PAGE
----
While I agree with my Opinion Zone colleague, Andrew Ian Dodge, that Rep. Peter King's proposed gun-control legislation, which would prevent ordinary citizens from carrying guns within 1,000 ft. of members of Congress, is one of the more ludicrous ideas put forth by a congressman in the early days of 2011, I find Andrew's alternative prescription similarly difficult to swallow.
What a brave Representative should propose is that all those Senators and Representatives who wish should be given concealed carry training so they can be armed. Federal judges could participate in the program as well. What better way to help the hard-pressed security officials than to have all members trained and armed to aide in their own defense? This would allow members to appreciate the training that those seeking to protect themselves undergo to become licensed to carry. Having Congress and Senators armed would be a good way of keeping security costs down and give them a new appreciation of the 2nd amendment. They could understand the joys of releasing your inner angst by filling paper cutouts with holes as they practice their aim. Those who did not chose to partake would be informed of the risks which they were taking.
Now obviously preventing citizens from carrying guns within 1,000 ft. of a member of Congress is not only a blatant violation of the constitutional right to bear arms, but it is also quite obviously impossible to enforce. At that distance, anyone eating in a cafeteria across the street from Rep. King or one of his colleagues who happened to be carrying a gun would be a de facto criminal. Police would hard-pressed to round up all these incidental felons.
But is Andrew's counter-proposal any more sensible?
First, we must ask ourselves a question: Do we want to see members of Congress engaged in gunfights with potential assassins? The first answer may be that it is better than leaving them at the mercy of their would-be killers. But I disagree.
In the case of Rep. Giffords the shooter, Jared Loughner, attacked much too quickly for Giffords to respond.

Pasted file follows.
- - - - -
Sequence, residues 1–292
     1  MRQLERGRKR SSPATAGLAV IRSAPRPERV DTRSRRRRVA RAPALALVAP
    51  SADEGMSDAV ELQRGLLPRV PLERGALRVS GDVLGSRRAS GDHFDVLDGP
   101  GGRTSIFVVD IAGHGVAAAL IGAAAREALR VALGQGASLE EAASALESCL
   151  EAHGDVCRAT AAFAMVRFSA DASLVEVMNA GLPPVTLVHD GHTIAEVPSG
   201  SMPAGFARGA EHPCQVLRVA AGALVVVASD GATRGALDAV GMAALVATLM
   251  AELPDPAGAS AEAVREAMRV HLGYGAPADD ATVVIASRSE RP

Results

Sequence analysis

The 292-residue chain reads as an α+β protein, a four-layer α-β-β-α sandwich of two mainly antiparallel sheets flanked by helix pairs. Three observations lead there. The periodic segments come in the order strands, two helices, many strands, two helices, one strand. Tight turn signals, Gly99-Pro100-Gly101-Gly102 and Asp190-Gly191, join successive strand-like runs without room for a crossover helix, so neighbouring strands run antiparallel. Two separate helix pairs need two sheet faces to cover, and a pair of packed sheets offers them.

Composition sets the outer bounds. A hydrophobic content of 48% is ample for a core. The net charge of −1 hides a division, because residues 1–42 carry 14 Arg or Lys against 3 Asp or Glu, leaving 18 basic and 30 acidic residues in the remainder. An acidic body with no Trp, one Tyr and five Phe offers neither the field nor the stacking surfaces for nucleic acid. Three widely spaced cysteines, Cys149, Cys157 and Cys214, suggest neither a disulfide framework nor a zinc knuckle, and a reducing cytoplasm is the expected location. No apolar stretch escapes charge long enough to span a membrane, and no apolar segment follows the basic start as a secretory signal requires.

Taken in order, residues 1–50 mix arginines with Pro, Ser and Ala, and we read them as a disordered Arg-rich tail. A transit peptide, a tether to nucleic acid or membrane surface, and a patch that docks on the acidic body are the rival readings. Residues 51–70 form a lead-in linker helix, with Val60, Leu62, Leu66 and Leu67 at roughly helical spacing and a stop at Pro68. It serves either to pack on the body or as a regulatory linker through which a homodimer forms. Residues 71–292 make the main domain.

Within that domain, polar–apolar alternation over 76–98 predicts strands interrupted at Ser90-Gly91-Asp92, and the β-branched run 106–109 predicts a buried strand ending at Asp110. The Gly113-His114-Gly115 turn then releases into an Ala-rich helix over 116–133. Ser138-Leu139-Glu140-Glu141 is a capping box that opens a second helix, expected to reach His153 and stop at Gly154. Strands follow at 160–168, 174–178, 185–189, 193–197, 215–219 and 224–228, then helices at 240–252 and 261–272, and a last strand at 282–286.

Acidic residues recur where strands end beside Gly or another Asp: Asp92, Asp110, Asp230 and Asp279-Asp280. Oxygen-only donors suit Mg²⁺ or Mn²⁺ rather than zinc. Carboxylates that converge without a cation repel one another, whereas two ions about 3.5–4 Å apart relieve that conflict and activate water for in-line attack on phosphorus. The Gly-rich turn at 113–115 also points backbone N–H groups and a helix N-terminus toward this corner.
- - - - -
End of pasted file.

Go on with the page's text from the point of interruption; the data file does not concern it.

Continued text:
Furthermore, elected officials would not be able to provide their own security even if they were trained in the use of firearms. Proper security requires constant vigilance. A security detail will be continually scanning the crowd for danger. They will be profiling everyone that approaches, looking out for suspicious behavior and signs of danger. Representatives can't be expected to do this while meeting with constituents, donors, and members of the press. There is no possible way that they could at once perform all the other functions required of them while at the same time constantly on the lookout for danger.
Private security or a police presence is a much more sensible way to stay on the lookout for potential shooters - even if it does cost a bit more than training members of Congress to do it themselves (and I would question the theoretical savings in any case).
Second, we should consider the possible unintended consequences of armed members of Congress, trained to shoot back at potential assassins. What if they accidentally shot an innocent citizen? What if they were misidentified as the shooter themselves and targeted by law enforcement or other vigilantes? The moment of an attack like the one in Tucson is not anything remotely like target practice at a shooting range. It was a scene of chaos. Can we expect elected officials who may serve no more than two years in Washington to be as cool-headed in a crisis as seasoned security and law enforcement officials with perhaps decades of experience under their belts?
I don't think so. In fact, I think that arming and expecting our congresspeople to fire back at perceived threats opens the door to all sorts of potential problems, from increased fatalities to lawsuits to even greater tragedy and confusion.
Certainly this shooting should lead to better security at these public rallies. This is unfortunate - Giffords was engaged in the very sort of down-to-earth democracy every member of Congress should engage in, and one would hope such events could be safe even without a security presence. But, alas, we can never know what sort of grudge-holding crazy person might show up with a bone to pick and a gun in their pocket. A security presence at the Giffords rally may have made a difference, and it may not have. Would two policemen in the near vicinity have deterred Loughner's attack? Nobody can say.
But one thing is quite certain. If Giffords had had a gun on her person and had she been trained how to use it, she still would have been shot - out of the blue, before she even had a chance to draw her weapon. The 19 other victims of the attack would have been shot as well. It wouldn't have made even the slightest difference.